+
 
 +
<math>f(z)=f_bulk+\xi^2 \frac{\partial^2f(z), \partial^2 z</math>.
 +
 
 +
In the above, <math>\xi</math> denotes a "flow cooperativity length."  This equation was solved numerically using appropriate boundary conditions.  Surprisingly,

Revision as of 07:47, 6 December 2009

Reference

Goyon, J., Colin, A., Ovarlez, G., Ajdari, A., Bocquet, L., Nature 454 (2008).

Keywords

spatial cooperativity, glass, velocity profile, shear stress, shear strain, Couette cell, Herschel-Bulkley model

Summary

Figure 1.
Figure 2.

A general feature of glassy materials is a strong nonlinear flow rule relating stress and strain. This feature is no well-documented and poorly understood. Many have tried to understand the glass transition by studying the dynamical heterogeneities in glass-forming materials, but how these heterogeneities affect flow remains unclear. Using a local velocity measurement technique, the authors study the local flow of a film of confined glassy material.

The authors test flow in two main geometries: shear planar flow in a wide gap Couette cell, and pressure driven planar flow in a narrow microchannel (tens of hundreds micrometers in width). The substance tested was an emulsion of silicone droplets (6.5um in diameter) in a glycerine-water mixture. The local flow curves, which relate the local shear stress <math>\sigma</math> to the local shear rate <math>\dot{\gamma}</math>, are obtained from the measured velocity profiles of both geometries. Figure 1 shows the results for the wide-gap Couette cell, and Figure 2 shows the results for the narrow microchannel. Evidently, the flow curve is highly dependent on the geometry. In the wide-gap case, the curve follows the Herschel-Bulkley model. However, in the microchannel setup, the data does not follow a single rheological curve. The finite-size effect in the microchannel setup which did not appear in the wide-gap setup suggests that there are extended spatial correlations in the system.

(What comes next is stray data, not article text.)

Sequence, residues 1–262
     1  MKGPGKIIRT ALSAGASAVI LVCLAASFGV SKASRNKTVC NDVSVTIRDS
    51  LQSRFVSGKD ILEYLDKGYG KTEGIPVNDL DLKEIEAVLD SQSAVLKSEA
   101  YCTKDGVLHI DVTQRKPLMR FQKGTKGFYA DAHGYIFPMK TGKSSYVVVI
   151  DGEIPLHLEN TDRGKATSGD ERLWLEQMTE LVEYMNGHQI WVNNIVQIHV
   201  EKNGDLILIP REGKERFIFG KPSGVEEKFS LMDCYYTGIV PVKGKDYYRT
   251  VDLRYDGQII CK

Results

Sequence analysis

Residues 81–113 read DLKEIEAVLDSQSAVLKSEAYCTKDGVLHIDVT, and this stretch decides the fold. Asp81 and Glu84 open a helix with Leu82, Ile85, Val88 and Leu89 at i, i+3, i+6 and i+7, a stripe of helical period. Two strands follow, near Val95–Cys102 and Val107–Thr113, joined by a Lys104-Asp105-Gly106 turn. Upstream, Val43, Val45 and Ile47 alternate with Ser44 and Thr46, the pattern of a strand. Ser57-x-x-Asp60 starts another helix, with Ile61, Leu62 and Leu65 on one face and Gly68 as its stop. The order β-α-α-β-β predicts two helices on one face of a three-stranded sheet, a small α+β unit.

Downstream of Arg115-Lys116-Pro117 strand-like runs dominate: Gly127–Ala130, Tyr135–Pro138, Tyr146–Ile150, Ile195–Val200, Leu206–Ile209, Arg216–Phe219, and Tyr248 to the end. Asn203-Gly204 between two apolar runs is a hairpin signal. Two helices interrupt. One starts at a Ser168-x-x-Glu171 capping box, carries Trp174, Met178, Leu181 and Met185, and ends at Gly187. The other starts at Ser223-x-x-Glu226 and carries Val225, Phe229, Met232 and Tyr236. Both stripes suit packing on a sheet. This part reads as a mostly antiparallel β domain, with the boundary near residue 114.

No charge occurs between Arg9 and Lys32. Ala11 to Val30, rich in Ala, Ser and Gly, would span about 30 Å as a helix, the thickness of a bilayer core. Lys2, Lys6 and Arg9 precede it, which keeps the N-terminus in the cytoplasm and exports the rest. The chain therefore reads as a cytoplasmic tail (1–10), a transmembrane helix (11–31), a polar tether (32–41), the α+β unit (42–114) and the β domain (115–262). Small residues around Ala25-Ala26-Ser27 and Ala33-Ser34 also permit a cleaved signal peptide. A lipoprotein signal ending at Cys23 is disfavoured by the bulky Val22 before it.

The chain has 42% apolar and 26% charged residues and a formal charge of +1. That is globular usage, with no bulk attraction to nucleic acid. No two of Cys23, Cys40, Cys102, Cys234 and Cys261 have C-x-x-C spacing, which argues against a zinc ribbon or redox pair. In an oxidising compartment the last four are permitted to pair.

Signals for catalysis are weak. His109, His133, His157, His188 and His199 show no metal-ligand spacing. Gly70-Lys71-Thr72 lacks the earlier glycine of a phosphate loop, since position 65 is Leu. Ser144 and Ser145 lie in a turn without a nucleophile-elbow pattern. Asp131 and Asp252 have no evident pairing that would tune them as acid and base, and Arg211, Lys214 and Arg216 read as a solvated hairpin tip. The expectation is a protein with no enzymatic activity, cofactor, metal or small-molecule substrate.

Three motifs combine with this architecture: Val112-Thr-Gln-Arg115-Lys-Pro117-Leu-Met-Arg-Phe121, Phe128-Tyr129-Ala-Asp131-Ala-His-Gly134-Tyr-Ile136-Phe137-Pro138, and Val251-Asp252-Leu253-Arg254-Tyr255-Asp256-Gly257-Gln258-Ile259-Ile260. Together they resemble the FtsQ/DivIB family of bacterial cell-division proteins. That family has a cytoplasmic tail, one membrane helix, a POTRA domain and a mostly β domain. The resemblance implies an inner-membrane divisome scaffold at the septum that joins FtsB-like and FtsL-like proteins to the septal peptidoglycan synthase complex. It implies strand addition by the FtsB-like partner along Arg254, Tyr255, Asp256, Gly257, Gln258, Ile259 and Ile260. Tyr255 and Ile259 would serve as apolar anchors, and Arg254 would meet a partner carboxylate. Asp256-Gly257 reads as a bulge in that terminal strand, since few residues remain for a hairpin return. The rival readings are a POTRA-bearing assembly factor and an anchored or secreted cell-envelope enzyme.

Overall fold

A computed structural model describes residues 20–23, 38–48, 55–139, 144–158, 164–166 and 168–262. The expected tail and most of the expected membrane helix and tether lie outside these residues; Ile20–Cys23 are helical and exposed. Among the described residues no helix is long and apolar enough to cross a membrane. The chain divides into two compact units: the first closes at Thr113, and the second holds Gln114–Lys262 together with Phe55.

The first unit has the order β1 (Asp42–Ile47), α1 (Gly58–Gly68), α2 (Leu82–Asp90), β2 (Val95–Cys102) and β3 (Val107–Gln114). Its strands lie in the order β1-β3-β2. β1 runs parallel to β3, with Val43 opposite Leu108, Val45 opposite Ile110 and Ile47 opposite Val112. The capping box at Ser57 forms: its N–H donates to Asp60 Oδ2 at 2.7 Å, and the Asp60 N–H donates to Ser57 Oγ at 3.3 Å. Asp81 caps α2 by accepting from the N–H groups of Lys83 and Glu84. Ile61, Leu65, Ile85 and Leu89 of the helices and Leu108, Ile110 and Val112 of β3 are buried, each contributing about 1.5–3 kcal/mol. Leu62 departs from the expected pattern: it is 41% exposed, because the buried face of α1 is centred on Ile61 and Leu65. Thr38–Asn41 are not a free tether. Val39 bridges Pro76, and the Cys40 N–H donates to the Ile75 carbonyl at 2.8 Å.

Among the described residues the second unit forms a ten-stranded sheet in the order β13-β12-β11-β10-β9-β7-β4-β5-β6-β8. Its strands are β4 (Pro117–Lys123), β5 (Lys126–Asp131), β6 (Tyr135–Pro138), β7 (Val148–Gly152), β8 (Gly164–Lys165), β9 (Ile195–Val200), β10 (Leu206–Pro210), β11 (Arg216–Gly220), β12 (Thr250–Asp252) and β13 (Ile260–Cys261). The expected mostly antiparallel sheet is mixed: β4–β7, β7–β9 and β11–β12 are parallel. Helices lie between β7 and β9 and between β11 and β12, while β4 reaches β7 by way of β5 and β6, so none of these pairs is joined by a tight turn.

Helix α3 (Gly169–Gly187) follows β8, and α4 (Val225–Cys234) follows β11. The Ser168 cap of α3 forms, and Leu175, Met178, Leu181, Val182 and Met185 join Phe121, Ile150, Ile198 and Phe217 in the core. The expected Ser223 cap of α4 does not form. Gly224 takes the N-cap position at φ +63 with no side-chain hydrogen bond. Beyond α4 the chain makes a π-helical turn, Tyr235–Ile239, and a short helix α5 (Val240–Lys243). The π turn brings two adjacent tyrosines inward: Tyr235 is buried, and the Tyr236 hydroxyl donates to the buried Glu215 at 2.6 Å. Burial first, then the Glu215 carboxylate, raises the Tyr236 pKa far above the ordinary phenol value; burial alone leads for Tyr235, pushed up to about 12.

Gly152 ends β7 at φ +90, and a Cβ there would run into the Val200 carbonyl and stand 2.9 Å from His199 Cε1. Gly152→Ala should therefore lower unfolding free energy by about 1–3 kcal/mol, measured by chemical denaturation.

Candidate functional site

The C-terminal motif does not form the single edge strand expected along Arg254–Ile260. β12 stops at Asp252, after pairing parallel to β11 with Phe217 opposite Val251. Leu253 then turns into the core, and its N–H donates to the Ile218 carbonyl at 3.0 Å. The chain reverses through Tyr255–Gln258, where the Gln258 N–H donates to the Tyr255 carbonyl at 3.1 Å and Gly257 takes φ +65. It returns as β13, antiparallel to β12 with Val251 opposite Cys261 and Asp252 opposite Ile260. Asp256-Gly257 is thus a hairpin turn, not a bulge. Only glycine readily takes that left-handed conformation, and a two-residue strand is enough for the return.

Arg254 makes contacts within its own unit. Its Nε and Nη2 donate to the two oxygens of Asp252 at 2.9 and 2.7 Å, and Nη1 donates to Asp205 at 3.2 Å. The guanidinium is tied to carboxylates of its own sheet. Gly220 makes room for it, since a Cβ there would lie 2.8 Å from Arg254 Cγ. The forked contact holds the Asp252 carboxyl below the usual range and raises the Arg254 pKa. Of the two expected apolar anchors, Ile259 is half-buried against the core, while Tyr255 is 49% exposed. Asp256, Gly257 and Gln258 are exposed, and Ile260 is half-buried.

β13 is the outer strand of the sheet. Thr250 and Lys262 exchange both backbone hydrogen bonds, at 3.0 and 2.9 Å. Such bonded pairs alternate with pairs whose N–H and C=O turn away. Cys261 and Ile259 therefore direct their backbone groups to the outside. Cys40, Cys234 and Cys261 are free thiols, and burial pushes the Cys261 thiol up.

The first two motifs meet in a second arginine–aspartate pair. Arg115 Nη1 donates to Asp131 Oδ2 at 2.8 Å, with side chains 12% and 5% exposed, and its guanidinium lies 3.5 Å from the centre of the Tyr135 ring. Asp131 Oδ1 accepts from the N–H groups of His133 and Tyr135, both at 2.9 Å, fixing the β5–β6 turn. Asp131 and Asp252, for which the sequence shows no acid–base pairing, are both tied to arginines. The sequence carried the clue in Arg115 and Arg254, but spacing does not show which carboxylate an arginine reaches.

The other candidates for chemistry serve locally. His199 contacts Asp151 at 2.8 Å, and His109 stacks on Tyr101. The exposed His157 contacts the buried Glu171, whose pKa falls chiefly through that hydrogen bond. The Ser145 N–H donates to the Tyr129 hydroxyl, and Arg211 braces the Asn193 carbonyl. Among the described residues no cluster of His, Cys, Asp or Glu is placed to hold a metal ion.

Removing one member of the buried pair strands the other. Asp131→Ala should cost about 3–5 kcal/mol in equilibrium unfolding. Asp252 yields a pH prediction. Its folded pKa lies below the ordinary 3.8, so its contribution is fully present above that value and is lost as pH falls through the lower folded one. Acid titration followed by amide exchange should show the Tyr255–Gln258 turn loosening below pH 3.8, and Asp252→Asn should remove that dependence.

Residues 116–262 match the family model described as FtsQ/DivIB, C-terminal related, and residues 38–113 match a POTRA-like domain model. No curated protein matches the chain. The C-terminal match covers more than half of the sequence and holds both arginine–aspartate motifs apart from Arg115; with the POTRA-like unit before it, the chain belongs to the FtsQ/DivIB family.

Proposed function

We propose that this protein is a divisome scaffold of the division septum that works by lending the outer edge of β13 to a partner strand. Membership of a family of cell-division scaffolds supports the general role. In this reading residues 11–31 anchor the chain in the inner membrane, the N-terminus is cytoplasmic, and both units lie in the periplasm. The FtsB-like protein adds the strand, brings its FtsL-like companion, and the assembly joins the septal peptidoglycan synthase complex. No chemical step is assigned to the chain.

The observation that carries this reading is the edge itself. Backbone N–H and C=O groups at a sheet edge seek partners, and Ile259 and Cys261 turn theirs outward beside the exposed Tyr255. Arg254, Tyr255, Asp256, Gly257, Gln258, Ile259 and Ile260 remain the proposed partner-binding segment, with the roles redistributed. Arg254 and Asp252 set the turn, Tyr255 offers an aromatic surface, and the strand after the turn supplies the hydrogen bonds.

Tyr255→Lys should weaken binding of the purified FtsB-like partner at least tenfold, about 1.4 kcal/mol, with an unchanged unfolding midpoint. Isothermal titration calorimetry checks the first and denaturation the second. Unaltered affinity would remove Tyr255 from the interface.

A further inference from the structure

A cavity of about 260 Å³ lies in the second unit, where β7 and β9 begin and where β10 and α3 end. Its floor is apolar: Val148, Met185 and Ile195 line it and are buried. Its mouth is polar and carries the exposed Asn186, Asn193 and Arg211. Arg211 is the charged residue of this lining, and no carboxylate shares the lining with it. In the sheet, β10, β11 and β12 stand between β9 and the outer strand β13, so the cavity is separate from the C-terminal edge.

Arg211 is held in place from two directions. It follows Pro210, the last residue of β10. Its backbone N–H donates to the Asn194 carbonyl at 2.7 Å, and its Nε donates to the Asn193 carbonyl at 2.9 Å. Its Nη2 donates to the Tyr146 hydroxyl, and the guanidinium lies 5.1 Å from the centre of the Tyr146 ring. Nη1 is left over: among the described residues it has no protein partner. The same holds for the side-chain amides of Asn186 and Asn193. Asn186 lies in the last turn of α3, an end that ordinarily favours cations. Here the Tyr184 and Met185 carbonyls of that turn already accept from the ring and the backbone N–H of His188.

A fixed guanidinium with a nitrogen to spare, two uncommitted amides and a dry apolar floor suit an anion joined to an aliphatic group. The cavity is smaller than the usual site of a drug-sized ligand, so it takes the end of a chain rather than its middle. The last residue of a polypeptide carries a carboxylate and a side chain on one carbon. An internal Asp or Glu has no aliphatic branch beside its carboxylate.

The authors checked that the change in rheology is not caused by a structural change in the emulsion, nor a change in density, nor boundary effects. In order to explain this finite-size effect, they developed a model considering the plastic rearrangements that occur in concentrated emulsions. In Conceptually, localized plastic events induce a non-local, long-range elastic relaxation of the stress over the system. The rate of plastic rearrangements <math>v</math> is equivalent to a fluidity <math>f</math> defined as <math>\sigma = (1/f)\dot{\gamma}</math>. In the absence of non-local effects, the fluidity reduces to the bulk fluidity <math>f_bulk = \dot{\gamma}/\sigma_bulk</math>, but to take into account the non-local effects, the fluidity is assumed to be of the form

<math>f(z)=f_bulk+\xi^2 \frac{\partial^2f(z), \partial^2 z</math>.

In the above, <math>\xi</math> denotes a "flow cooperativity length." This equation was solved numerically using appropriate boundary conditions. Surprisingly,